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Author Topic: All the colors of murder: Guide to giallo cinema  (Read 1954 times)


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All the colors of murder: Guide to giallo cinema
« on: 31 Dec 2020 - 15:50 »

All the colors of murder: Guide to giallo cinema


Book description:

The giallo (plural gialli) is the Italian version of crime and detective films. The name literally means "yellow", and refers to the color of the covers of a collection of novels by Editorial Mondadori that, from the post-war period, would reach great popularity in Italy.

Soon, Italian film producers considered that they could exploit the vein of this genre that had so deeply penetrated the popular classes.

The giallo, as a film genre, is the Italian version of the French Noir and the German Krimi. At least, it initially started that way. But there were going to be many innovations that filmmakers of the stature of Mario Bava and Dario Argento were going to incorporate.

The giallo was going to develop a style and a character of its own. "The girl who knew too much" (Mario Bava, 1963), still in black and white, is clearly inspired by Hitchcock's narrative and stylistic patterns (as its title already suggests). But soon after, with "Blood and black lace", Bava already included an innovative element; namely: An explicit violence, brutal yet elegant. And signs of identity that later directors would repeat incessantly: The mysterious killer, whose identity is not revealed until the end (as in the good novels of Agatha Christie and others), and who is usually dressed in a trench coat, a hat, sometimes a mask, and (now comes the most important thing), some black leather gloves.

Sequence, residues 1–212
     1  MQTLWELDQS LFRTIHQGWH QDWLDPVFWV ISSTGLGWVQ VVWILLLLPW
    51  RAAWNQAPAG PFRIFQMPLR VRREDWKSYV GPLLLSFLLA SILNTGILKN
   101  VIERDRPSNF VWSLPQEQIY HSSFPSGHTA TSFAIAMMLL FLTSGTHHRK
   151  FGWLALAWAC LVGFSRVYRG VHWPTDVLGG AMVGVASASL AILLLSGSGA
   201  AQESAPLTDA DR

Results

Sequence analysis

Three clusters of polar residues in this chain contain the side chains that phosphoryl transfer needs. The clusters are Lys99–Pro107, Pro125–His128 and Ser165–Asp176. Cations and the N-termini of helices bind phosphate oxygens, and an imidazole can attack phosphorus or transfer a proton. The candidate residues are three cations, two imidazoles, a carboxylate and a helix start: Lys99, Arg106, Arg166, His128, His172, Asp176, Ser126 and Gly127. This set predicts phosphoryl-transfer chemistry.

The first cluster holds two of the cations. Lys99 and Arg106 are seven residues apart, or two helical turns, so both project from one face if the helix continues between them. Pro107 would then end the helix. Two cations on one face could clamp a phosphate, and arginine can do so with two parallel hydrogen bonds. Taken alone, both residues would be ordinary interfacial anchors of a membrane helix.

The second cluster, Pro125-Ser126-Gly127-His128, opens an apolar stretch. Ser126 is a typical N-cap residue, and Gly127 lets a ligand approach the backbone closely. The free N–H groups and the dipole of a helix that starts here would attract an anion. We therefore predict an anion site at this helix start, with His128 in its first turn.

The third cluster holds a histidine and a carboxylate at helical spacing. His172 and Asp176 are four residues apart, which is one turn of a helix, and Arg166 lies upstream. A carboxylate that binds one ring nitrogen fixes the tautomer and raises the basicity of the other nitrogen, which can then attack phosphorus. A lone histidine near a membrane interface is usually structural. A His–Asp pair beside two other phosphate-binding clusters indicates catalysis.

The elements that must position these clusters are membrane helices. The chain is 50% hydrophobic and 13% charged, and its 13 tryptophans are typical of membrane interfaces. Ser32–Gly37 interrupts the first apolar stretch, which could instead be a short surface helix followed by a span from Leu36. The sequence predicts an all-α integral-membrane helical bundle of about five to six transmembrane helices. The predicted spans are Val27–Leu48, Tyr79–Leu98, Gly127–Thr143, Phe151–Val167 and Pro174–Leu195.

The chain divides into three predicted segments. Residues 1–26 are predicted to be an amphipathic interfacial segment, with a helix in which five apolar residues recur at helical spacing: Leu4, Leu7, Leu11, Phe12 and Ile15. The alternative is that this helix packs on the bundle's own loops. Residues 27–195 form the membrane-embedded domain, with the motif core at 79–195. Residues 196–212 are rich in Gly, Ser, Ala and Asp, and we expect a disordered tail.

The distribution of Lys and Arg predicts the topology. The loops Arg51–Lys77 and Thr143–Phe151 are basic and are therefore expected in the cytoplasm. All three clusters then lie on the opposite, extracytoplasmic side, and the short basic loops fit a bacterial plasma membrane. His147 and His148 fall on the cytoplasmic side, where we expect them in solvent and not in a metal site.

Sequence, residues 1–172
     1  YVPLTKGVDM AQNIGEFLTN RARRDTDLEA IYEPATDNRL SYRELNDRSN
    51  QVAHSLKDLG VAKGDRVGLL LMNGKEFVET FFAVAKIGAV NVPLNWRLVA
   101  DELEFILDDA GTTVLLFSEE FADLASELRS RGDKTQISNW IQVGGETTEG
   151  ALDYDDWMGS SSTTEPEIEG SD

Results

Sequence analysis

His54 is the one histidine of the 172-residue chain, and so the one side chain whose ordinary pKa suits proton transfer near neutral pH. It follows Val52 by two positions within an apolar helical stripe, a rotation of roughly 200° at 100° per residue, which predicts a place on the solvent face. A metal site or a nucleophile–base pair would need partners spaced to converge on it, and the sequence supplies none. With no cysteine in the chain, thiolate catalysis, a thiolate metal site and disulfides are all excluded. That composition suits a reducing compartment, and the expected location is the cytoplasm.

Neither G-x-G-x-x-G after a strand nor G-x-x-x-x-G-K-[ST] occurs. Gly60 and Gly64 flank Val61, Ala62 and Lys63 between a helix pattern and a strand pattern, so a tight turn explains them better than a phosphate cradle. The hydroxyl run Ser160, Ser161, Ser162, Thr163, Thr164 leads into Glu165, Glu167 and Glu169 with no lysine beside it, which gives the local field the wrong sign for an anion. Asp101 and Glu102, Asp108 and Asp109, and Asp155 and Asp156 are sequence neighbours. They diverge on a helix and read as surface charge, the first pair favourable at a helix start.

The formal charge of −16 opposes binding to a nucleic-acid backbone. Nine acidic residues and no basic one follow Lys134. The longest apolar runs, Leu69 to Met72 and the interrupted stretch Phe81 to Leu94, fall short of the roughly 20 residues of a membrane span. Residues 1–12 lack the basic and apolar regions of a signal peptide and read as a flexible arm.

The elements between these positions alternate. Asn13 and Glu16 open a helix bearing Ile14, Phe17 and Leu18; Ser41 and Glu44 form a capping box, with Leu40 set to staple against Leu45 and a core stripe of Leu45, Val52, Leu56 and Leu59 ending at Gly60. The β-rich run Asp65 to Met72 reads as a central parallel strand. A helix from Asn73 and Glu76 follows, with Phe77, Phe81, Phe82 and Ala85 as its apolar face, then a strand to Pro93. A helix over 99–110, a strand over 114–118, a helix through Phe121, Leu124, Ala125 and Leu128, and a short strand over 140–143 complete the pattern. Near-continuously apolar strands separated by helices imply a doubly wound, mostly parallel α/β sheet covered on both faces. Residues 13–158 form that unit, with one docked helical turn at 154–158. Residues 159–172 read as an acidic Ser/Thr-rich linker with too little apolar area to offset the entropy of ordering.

Within the giallo, there are in turn an infinite number of combinations and sub-genres. Some, the most classic, are attached to the literary detective "whodunit", others put more emphasis on the psychological thriller à la Hitchcock, others have a dreamlike character in which everyday reality is blurred with fantasy, hallucinations and fears of the characters... There are also those with a comic side (especially black humor), or with a graphic violence even more exacerbated than usual (especially when the criminal does not act for pragmatic-economic reasons, but is a volume and spine psychopath, a serial killer). This last aspect would derive in the 1980s in the sub-genre called "slasher".

Other gialli, on the other hand, incorporate supernatural and parapsychological elements (or at least play with them), such as ghosts and afterlife issues. This is not at all strange, taking into account that the official father of the giallo, Mario Bava, had previously stood out in the gothic horror (with dark abandoned castles, vampires, etc).

"Whodunit", a psychological thriller, graphic violence, erotic touches, and supernatural horror... As we can see, the combinations between these usual ingredients of the giallo (which must always be seasoned with large doses of suspense and mystery) are practically infinite.

The purpose of this book is to serve as a guide for giallo fans. Both for the most hardcore connoisseurs and for those who are just starting to enjoy the films of the genre. You will be able to read reviews and critiques/analyses (some long, some shorter) of many gialli shot in the sixties, seventies (especially!) and early eighties (in Italy and Europe, as several films are in fact co-productions); by renowned directors such as Mario Bava, Dario Argento, Lucio Fulci, Sergio Martino, Umberto Lenzi, Luciano Ercoli and many more. Some of these films are well known in the world. Others are less so, and deserve to be rescued from oblivion (...or not, let each one decide for himself).

Some of these reviews have already appeared on the blog "Alucine Cinéfago", others are unpublished so far.

Available in print and ebook:
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